table[,3] <- lapply(table[,3], gsub, pattern = "[*+]", replacement = "")
  table
}

fantasy_tibbles <- lapply(fantasy, read_fantasy)
all_fantasy <- do.call(rbind, fantasy_tibbles)

all_fantasy[,6:ncol(all_fantasy)] <- sapply(all_fantasy[,6:ncol(all_fantasy)],as.numeric)
all_fantasy[,2] <- lapply(all_fantasy[,2], as.numeric)

Next, I introduce a few new variables that I think are important based upon my limited knowledge of fantasy sports. First I add a linear weighting system. More recent years should be more indicative of player performance, so I make recent data count 10 times as much as data from 10 years ago. I also introduce per game averages by dividing the fantasy points a player scores over the entire season by the number of games they play. Sometimes players get injured midway through the season and miss games, so having a per game statistic is an improvement over cumulative statistics. Finally, I partition that players by position to create custom models for each position type.

weights <- data.frame(seq(1:10), unique(all_fantasy$Season))
colnames(weights) <- c("Weight", "Season")
all_fantasy <- all_fantasy %>% full_join(weights, by = "Season")

all_fantasy <- all_fantasy %>% mutate(PPR_PPG = Fantasy_PPR/Games_G)
all_fantasy <- all_fantasy %>% mutate(TargetPG = Receiving_Tgt/Games_G)
all_fantasy <- all_fantasy %>% mutate(RushAttPG = Rushing_Att/Games_G)
all_fantasy <- all_fantasy %>% mutate(PassAttPG = Passing_Att/Games_G)
all_fantasy <- all_fantasy %>% mutate(Age2 = Age^2)

RB <- all_fantasy %>% filter(all_fantasy$FantPos == "RB") %>% group_by(Player) %>% arrange(Rk)
QB <- all_fantasy %>% filter(all_fantasy$FantPos == "QB") %>% group_by(Player) %>% arrange(Rk)
WR <- all_fantasy %>% filter(all_fantasy$FantPos == "WR") %>% group_by(Player) %>% arrange(Rk)
TE <- all_fantasy %>% filter(all_fantasy$FantPos == "TE") %>% group_by(Player) %>% arrange(Rk)

And finally, we reach the models. I train a mixed linear effect model for each player, with their fantasy points per game as the target endpoint and various statistics including Age, Age^2, and touches from the previous year. In essence, each player gets their own individual y intercept, and the slopes for each of these variables are the same for each player. This means that while Le’veon Bell (a superstar) should have a higher starting point (y intercept) the effect of additional carries and age will affect him just as much as T.J. Yeldon, who no one should be drafting.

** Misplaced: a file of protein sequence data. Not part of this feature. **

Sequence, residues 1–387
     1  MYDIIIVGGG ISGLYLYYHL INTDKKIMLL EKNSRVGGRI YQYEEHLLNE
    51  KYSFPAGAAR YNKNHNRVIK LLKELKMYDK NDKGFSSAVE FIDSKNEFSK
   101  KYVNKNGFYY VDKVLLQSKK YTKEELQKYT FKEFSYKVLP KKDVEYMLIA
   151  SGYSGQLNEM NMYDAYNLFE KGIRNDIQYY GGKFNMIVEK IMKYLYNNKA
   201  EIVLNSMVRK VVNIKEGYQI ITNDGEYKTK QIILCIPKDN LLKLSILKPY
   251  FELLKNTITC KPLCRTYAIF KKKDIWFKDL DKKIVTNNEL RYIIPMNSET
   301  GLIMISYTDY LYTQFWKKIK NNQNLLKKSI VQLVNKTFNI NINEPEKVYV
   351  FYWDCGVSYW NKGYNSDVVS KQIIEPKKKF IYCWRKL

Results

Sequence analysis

RB_age_age2_model <- lmer(PPR_PPG ~ Age + Age2 + RushAttPG + TargetPG + (1|Player), weights = Weight, data=RB)
WR_age_age2_model <- lmer(PPR_PPG ~ Age + Age2 + TargetPG + (1|Player), weights = Weight, data=WR)
TE_age_age2_model <- lmer(PPR_PPG ~ Age + Age2 + TargetPG + (1|Player), weights = Weight, data=TE)
QB_age_age2_model <- lmer(PPR_PPG ~ Age + Age2 + PassAttPG + (1|Player), weights = Weight, data=QB)

Using their age (incremented by 1) and touches from the previous year, I feed them into the model to predict the 2019-2020 season performance. I take the average player in each position and subtract off their point projection from everyone else in their position to achieve the Value Added of each player on top of the average player in their position. This is to correct for the top 30 players all being quarterbacks, since QBs score on average more than other positions. Finally, we export the results for draft day.

Surprisingly, the model’s predictions are not far off from the top 100 of Fantasy Pros. The top names including Ezekiel Elliot, David Johnson, Antonio Brown, and other superstars are all at the top of the list. The scrubs are still scrubs. For example, Adrian Peterson, who is going to the Hall of Fame but was good about 7 years ago, is near the bottom of the list. Not bad for a couple linear models. On draft night, I used this as an outline to draft a team that is currently 1-0. Let’s hope for the best.

5/1/20 EDIT: Turns out, I am just bad at this. Aaron Rodgers didn’t turn out to have a great statistical season, David Johnson got injured and benched, Keenan Allen started really hot but got stone cold very quickly. I won’t even mention Sammy Watkins and Brandin Cooks. TLDR: Don’t trust me to manage your fantasy football team.

Thanks for reading!

Dennis Gong

QB: Aaron Rodgers/Tom Brady RB1: David Johnson RB2: James White WR1: Julio Jones WR2: Keenan Allen WR3: Sammy Watkins TE: George Kittle FLEX1: Brandin Cooks FLEX2: Chris Carson